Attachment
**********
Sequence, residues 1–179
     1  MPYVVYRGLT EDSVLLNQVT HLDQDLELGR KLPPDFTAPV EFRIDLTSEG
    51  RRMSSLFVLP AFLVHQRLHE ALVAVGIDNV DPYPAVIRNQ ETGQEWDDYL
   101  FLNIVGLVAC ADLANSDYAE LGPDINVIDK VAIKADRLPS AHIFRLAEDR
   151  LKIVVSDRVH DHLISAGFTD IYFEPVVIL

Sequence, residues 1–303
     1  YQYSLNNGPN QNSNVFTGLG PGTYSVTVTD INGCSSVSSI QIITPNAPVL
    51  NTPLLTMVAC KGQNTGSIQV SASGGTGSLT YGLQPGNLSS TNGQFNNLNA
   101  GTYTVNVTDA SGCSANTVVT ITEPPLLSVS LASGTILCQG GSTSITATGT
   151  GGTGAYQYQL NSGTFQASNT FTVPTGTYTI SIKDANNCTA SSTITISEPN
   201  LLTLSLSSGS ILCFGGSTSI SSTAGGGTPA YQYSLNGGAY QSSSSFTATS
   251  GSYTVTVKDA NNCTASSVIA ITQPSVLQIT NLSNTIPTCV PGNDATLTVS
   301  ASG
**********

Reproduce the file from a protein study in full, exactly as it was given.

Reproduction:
Sequence, residues 1–179
     1  MPYVVYRGLT EDSVLLNQVT HLDQDLELGR KLPPDFTAPV EFRIDLTSEG
    51  RRMSSLFVLP AFLVHQRLHE ALVAVGIDNV DPYPAVIRNQ ETGQEWDDYL
   101  FLNIVGLVAC ADLANSDYAE LGPDINVIDK VAIKADRLPS AHIFRLAEDR
   151  LKIVVSDRVH DHLISAGFTD IYFEPVVIL

Sequence, residues 1–303
     1  YQYSLNNGPN QNSNVFTGLG PGTYSVTVTD INGCSSVSSI QIITPNAPVL
    51  NTPLLTMVAC KGQNTGSIQV SASGGTGSLT YGLQPGNLSS TNGQFNNLNA
   101  GTYTVNVTDA SGCSANTVVT ITEPPLLSVS LASGTILCQG GSTSITATGT
   151  GGTGAYQYQL NSGTFQASNT FTVPTGTYTI SIKDANNCTA SSTITISEPN
   201  LLTLSLSSGS ILCFGGSTSI SSTAGGGTPA YQYSLNGGAY QSSSSFTATS
   251  GSYTVTVKDA NNCTASSVIA ITQPSVLQIT NLSNTIPTCV PGNDATLTVS
   301  ASG